October 5, 2010
While buying a home is an exciting and pivotal time in your life, it can also be very stressful. Interest rate rises, the higher cost of living and unemployment all impact the level of mortgage stress that households may feel, pushing some borrowers off Struggle Street and into Mortgage Stress Street.
According to the Fujitsu Mortgage Stress Report, it is estimated that by the end of this year around 469,000 households will be in some degree of discomfort with approximately 267,000 in “severe stress”. Approximately 32,000 households will default by the end of the year, with first home buyers and young families feeling a majority of the pain.
Business research and forecasting company BIS Shrapnel, predicts that we should expect higher interest rates of up to 9 percent by 2013.
If this is the case, more people will feel the strain caused by mortgage stress, struggling with their home loan repayments and may be on the verge of losing their homes.
Keep mortgage stress to a minimum
But there is some good news as there are ways that you can take back the wheel and help you keep off Mortgage Stress Street.
Additional repayments. While interest rates are relatively affordable, work out a budget and see if you can afford to make additional repayments on your loan. This will reduce the amount of interest you pay as well as cut back the amount of time it takes to pay off your mortgage. It may also help reduce the burden if rates rise. For instance, if you paid an extra $100 per month on your $300,000 mortgage, at the current average standard variable rate of 7.05 percent you would save yourself more than $44,000 and cut almost three years off your 25-year loan.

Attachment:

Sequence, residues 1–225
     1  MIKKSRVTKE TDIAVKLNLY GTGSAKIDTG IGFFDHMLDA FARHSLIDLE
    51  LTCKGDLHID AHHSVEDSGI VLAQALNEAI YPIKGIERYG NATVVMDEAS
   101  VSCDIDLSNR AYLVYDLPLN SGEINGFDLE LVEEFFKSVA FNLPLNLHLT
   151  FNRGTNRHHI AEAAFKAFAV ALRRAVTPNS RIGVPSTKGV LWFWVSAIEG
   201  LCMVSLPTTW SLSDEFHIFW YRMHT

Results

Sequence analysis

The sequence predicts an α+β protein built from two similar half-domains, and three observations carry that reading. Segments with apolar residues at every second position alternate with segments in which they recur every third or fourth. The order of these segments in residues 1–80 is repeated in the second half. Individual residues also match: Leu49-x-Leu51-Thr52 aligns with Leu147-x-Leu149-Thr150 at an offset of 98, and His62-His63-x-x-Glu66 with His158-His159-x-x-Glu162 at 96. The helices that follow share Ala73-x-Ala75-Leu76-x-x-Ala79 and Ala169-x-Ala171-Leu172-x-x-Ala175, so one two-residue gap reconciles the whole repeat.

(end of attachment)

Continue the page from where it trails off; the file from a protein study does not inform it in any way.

Refinance. Every 12 months it is a good idea to do a health check on your mortgage and see what other deals are in the market. If you find another lender offering a much lower interest rate, consider making the switch. Remember to find out the fees involved and work out if it is worth it. Use home loan comparison sites to see what else is currently on the market and how much you can save.
Legal aid. Governments fund legal aid services for households experiencing mortgage stress around Australia. If you are in financial trouble and can’t afford to pay for a lawyer, legal aid may be able to help you. For instance, if you continuously default on your mortgage repayments then your financial institution has the right to serve you a default notice. You then have 30 days to catch up on your repayments or make alternative arrangements. However if you don’t you may have to go to court, at which point you can call upon legal aid for legal advice or to represent you in court. For more information on what legal aid is available in your state or on how to get out of debt and relieve mortgage stress, visit the Australian Securities and Investment Commission’s FIDO website.